Thursday, January 18, 2018

Teamsters leaders, ABF agree on relief plan


Wednesday, April 21, 2010
The plan has safeguards for ABF Teamsters, including triggers to reduce the wage reduction in 2011-2012 or terminate the plan if certain benchmarks are reached indicating a financial turnaround for the company, the union said.
The plan has safeguards for ABF Teamsters, including triggers to reduce the wage reduction in 2011-2012 or terminate the plan if certain benchmarks are reached indicating a financial turnaround for the company, the union said.

WASHINGTON — Teamsters local leaders on April 19 “overwhelmingly” endorsed a plan to reduce wages15 percent at ABF Freight System Inc., the less-than-truckload carrier that has seen its historically strong financial position eroded by the recession. The union says the deal will protect thousands of members’ jobs and benefits.

“Local union leaders understand that we need to take a bold step to help ABF get through this terrible economy and that we must act now to prevent far worse problems down the road,” said Tyson Johnson, director of the Teamsters National Freight Division, in a statement posted on the Teamster Web site. “No one wants to see wage cuts, but this agreement protects our ABF members’ jobs and their health, welfare and pension benefits.”

The union has independently verified the company’s financial situation, Johnson added.

The plan has safeguards for ABF Teamsters, including triggers to reduce the wage reduction in 2011-2012 or terminate the plan if certain benchmarks are reached indicating a financial turnaround for the company, the union said.

The plan also calls for equal sacrifice among all union and non-union employees. Additionally, the union said it will have access to the company’s financial records and the right to have an annual audit done.

Ballots are scheduled to be mailed out to members on or about April 30, and ballots are tentatively scheduled to be counted on May 21. About 7,000 Teamsters are actively employed at ABF while another 1,200 are on recall, the union said.

“People realize something needs to be done sooner rather than later,” said Tim Nichols, president of Local 878 in Little Rock. “If we fail to take action now, we face a situation later where we may be hanging curtains on a house that’s on fire, and nobody wants that.”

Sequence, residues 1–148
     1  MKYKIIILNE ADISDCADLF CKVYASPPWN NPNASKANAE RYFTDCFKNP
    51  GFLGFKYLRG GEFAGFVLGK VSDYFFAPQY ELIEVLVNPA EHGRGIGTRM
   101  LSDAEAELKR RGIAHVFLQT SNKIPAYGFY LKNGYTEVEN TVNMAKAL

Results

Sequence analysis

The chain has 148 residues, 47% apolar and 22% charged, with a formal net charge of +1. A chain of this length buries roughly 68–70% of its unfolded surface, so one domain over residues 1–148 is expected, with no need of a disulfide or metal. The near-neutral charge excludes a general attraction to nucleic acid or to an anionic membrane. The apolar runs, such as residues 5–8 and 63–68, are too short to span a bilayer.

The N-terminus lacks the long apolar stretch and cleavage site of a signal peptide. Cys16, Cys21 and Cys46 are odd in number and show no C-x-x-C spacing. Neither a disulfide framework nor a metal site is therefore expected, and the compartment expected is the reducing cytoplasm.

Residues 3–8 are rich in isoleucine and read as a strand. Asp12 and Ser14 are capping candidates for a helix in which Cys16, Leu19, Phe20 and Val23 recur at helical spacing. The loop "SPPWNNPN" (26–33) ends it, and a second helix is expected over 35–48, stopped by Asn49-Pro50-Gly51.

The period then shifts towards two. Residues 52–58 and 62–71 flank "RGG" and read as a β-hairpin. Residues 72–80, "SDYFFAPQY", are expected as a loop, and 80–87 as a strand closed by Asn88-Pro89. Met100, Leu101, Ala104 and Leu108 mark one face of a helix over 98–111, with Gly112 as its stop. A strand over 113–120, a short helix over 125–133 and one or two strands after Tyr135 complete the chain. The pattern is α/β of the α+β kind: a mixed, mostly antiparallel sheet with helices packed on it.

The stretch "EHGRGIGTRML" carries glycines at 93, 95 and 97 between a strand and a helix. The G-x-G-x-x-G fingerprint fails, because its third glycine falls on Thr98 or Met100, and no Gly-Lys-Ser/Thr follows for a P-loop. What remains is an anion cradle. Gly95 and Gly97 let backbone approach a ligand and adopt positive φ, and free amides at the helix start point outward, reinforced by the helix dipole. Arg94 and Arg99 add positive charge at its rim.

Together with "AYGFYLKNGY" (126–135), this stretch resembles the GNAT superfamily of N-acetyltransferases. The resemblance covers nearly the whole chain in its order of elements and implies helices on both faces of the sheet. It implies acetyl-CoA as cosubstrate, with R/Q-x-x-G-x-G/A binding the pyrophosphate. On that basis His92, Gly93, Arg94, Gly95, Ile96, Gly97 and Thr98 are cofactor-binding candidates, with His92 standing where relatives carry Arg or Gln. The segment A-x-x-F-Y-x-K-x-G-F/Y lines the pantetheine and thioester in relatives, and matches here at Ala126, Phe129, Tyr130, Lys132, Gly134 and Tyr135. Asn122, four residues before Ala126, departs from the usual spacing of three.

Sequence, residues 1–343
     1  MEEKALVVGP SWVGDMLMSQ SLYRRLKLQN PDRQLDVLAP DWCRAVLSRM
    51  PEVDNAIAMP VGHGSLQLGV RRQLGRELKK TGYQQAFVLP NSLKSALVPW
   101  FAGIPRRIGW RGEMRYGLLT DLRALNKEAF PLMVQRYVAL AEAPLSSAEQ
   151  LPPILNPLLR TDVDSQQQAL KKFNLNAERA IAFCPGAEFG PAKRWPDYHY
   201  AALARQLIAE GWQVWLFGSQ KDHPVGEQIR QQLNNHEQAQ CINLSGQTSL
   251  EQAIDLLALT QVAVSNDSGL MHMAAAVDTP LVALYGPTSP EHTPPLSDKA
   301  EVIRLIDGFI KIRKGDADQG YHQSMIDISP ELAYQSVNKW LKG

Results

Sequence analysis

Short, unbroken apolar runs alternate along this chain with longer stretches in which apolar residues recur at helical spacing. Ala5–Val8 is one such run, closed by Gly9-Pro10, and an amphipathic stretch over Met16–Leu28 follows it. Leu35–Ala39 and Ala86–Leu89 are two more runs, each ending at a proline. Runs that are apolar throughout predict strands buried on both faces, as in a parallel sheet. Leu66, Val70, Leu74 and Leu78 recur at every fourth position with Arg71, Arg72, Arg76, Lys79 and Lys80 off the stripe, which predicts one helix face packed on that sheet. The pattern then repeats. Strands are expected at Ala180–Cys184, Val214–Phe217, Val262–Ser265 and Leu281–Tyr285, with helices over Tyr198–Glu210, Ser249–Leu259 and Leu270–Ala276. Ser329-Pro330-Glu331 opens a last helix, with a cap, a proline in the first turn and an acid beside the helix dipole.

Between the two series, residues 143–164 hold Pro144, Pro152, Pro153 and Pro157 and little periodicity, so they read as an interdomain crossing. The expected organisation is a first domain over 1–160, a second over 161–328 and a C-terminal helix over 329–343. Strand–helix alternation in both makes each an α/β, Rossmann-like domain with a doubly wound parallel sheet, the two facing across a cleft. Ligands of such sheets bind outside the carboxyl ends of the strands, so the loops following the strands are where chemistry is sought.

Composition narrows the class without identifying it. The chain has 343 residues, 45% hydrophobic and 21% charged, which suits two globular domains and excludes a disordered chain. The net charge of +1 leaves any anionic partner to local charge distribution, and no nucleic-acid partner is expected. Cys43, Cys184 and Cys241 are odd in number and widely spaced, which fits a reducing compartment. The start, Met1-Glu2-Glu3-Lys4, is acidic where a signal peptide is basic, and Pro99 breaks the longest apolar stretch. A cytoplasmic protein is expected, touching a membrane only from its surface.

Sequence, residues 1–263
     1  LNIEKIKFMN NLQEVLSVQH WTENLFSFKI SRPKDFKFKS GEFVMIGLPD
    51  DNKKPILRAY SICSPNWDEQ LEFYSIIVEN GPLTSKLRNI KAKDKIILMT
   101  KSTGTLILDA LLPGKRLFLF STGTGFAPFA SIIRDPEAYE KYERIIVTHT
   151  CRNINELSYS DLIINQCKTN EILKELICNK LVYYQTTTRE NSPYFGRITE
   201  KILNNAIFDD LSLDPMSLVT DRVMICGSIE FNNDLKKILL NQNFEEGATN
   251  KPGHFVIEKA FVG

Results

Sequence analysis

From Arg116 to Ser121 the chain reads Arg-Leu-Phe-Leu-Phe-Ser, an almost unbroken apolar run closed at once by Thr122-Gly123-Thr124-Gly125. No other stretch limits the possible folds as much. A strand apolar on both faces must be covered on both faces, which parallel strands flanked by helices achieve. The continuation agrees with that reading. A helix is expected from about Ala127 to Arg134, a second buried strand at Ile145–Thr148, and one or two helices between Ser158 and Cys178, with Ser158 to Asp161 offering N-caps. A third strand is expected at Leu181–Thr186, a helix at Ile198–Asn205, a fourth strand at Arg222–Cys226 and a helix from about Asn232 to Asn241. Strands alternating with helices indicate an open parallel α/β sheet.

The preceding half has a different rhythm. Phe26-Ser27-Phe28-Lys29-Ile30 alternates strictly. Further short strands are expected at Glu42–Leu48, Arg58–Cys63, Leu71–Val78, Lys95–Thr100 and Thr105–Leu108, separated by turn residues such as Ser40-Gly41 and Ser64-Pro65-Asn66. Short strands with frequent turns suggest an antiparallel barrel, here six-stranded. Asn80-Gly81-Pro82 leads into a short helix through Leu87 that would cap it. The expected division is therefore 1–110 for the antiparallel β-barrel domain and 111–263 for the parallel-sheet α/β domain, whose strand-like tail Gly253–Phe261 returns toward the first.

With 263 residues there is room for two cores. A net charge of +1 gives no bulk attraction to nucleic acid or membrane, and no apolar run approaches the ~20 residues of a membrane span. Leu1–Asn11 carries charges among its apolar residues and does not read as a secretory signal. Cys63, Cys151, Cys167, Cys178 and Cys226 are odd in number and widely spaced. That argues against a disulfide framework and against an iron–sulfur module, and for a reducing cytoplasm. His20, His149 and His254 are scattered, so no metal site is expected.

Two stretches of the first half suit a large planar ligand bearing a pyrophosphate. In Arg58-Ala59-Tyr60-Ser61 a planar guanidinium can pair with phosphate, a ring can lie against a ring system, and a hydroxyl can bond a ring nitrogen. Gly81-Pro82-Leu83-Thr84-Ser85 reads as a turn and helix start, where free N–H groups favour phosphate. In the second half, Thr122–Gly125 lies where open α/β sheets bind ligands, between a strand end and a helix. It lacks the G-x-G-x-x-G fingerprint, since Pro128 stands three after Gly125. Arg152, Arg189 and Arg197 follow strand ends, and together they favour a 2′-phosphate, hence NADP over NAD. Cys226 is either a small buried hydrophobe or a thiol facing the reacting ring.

Another local leader compared the situation to that of YRC Worldwide, the giant LTL carrier that flirted with bankruptcy last year, despite numerous union concessions.

“It’s good that our members have the opportunity now to stop the bleeding at ABF to avoid the kind of problems that occurred by waiting longer at YRC, where our members had to sacrifice a great deal more,” said Randy Cammack, secretary-treasurer of Local 63 in Covina, Calif.

ABF lost $99.9 million in 2009 after a $49 million profit in 2008 — almost a $150 million negative swing, the union noted, while revenue was down 21 percent.

The union estimates the company continues to lose more than $10 million per month in 2010 and liquidity continues to worsen.

The company says management is hopeful workers will endorse the plan, and notes the proposal includes performance-based incentives, where employees will receive cash payments every calendar quarter for which the company's public operating ratio is better than 99 percent.

“We are cautiously optimistic about the potential for ratification,” said ABF spokesman Danny Loe. “We believe that the facts supporting ABF’s need for ratification of this agreement are compelling and that our employees will understand the need for ratification.”

An FBR Capital analyst upgraded shares of Arkansas Best Corp. to “Market Perform” from “Underperform,” saying the tentative deal will indeed help hold up the trucking company’s bottom line.

FBR analyst Christian Wetherbee also raised his price target to $34 from $29, citing a much-improved profit outlook for 2011.

Elsewhere, Dahlman Rose analyst Jason Seidl said in a note to clients, “If these estimates are even only remotely accurate, we believe Arkansas Best will report a significantly higher loss on Friday than the loss per share expected by (Wall) Street. Unfortunately for Arkansas Best, the worse things look in the first quarter, the higher the chances this agreement passes with union members.”

Kevin Jones of The Trucker staff can be reached for comment at kevinj@thetrucker.com.

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